My mom died two years ago this month, a week after Mother’s Day. I am grateful whenever someone—usually a close friend, usually someone who has also experienced a life-changing loss—will say something like, Tell me a story about her. It’s a gracious, open-ended invitation, letting me know that whether I talk for one minute or 30, whether I share too much or just the rough outline of a recollection, they earnestly want to hear it. Sometimes, though, I find that I don’t know how to talk about her. Most of the people in my life didn’t know her well, and I often feel as though I’d need to explain so much before they could even begin to imagine her or understand who she was. I worry that I am about to burden someone with a long story for which they have no point of reference. I worry that I won’t do her justice.
If I have sometimes struggled to talk about her, for a long time after she died, I found it even harder to write about her. It would be wrong to say that I avoided it because I didn’t want to be reminded of my grief—I felt it with every breath I took; there was no need for reminders. Still, to write about a person you miss, to make them come alive on the page, requires a deep, active form of remembering. You cannot shy away from recalling their features, the timbre of their voice, their movements and gestures, the way they expressed love and anger and sorrow and self-doubt. You have to remember how they were, what they said to you, in their worst moments and their best. You cannot look away in order to protect yourself.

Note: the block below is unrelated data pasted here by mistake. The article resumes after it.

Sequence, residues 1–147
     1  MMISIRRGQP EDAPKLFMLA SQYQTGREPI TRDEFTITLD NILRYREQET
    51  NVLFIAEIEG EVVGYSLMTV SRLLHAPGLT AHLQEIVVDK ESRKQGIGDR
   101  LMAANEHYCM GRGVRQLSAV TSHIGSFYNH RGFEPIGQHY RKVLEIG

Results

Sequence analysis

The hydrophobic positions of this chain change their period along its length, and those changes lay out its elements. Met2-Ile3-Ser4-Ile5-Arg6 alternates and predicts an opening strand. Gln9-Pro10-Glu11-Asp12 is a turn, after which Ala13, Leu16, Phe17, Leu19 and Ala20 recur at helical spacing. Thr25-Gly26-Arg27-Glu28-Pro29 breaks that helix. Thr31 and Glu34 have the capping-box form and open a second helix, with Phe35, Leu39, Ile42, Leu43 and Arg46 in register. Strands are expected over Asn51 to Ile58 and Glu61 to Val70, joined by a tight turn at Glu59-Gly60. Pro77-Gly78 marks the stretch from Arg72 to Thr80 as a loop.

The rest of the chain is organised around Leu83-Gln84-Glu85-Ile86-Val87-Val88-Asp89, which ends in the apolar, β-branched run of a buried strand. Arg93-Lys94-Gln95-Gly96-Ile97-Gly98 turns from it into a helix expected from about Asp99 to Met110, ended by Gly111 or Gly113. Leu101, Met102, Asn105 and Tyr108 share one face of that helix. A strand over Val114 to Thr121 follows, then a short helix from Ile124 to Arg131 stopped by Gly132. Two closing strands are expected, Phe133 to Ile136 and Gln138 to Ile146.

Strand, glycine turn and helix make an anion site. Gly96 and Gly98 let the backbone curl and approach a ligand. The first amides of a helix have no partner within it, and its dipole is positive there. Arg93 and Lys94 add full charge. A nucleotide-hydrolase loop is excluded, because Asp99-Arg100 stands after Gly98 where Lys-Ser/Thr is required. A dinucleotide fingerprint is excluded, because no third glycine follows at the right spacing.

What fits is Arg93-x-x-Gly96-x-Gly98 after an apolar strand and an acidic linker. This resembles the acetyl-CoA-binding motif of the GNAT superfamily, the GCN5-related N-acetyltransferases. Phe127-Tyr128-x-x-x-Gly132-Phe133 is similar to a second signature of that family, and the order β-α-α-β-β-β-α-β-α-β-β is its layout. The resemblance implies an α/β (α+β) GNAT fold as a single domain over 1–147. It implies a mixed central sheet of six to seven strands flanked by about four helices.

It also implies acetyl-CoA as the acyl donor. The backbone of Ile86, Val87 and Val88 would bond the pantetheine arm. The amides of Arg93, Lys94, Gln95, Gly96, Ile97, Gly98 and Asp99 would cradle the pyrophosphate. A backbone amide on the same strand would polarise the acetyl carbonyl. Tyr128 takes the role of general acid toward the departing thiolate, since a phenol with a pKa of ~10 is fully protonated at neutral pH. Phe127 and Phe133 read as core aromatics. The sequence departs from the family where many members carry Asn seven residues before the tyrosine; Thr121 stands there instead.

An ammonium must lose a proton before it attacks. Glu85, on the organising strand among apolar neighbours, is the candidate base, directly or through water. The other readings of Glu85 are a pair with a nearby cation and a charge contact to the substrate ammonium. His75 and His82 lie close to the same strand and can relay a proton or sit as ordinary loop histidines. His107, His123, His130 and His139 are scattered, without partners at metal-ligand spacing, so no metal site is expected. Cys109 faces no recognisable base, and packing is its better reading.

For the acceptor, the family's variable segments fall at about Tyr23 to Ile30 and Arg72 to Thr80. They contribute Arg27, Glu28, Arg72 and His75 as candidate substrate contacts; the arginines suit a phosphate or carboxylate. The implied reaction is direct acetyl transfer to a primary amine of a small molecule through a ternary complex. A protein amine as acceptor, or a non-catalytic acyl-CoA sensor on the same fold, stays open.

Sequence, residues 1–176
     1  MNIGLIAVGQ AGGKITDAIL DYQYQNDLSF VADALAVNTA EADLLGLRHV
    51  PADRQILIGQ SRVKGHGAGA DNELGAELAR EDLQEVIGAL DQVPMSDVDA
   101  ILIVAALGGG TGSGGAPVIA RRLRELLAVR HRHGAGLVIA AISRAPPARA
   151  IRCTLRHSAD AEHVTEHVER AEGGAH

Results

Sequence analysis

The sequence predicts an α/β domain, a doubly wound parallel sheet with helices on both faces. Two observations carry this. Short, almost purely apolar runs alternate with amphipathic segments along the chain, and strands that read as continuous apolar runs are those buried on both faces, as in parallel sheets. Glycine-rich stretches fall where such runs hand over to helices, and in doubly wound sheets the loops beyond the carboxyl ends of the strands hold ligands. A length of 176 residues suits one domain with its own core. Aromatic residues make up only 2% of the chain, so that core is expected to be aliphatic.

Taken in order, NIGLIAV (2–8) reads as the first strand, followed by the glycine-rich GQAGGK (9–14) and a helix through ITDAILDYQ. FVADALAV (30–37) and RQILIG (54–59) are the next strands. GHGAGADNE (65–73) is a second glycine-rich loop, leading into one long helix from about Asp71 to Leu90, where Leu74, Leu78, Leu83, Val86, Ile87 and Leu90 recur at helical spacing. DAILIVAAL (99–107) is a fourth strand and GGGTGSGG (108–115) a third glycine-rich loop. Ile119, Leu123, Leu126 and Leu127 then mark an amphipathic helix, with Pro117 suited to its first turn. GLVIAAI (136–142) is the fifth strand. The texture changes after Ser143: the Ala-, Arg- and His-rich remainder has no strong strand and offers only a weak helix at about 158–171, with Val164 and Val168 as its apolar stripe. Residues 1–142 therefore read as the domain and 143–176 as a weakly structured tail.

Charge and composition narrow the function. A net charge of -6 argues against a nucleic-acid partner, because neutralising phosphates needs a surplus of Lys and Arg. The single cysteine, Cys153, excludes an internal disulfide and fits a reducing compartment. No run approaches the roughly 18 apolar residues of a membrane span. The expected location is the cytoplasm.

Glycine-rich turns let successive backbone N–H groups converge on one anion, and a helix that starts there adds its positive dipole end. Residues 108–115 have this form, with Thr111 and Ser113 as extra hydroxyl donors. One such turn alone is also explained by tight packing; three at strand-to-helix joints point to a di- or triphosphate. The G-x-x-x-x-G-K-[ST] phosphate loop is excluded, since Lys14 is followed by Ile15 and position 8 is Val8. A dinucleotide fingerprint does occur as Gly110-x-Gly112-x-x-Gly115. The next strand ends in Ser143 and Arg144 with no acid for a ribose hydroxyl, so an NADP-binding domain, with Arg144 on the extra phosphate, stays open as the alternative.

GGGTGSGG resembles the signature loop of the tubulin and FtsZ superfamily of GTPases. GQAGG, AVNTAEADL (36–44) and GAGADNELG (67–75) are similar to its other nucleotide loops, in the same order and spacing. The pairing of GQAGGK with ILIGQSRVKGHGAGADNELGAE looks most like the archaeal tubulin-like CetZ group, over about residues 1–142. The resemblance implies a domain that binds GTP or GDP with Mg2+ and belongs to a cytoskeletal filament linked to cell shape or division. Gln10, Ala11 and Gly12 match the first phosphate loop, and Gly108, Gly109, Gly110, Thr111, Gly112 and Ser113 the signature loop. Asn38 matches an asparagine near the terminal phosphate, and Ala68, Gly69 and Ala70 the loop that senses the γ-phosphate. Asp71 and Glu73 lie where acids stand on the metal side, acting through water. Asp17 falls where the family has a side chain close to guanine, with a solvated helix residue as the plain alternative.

When my father died suddenly in January 2018, I was wrapping up revisions on a memoir about my adoption and my search for my birth family. I remember asking my editor if she thought my dad’s death should be part of the book—I didn’t feel ready to write about it yet, but was it dishonest, somehow, to leave it out? In the end, we couldn’t see a way to include it, as the publication timeline was moving too quickly. After the book came out and I went on the road to talk about it, I shifted from a state of private grief, at home, to a public-facing existence that required me to field questions about my family every day. Most readers did not know that my father was dead. Only several weeks into my tour did I realize that I kept referencing my parents, plural, in the present tense, as though he were still living—Yes, my parents have read my book. Yes, they’ve been very supportive. Perhaps I did this because I was not yet used to him being gone. But I think it was also because, in the book I had written, he was alive, and this was oddly comforting in a way I would not have expected.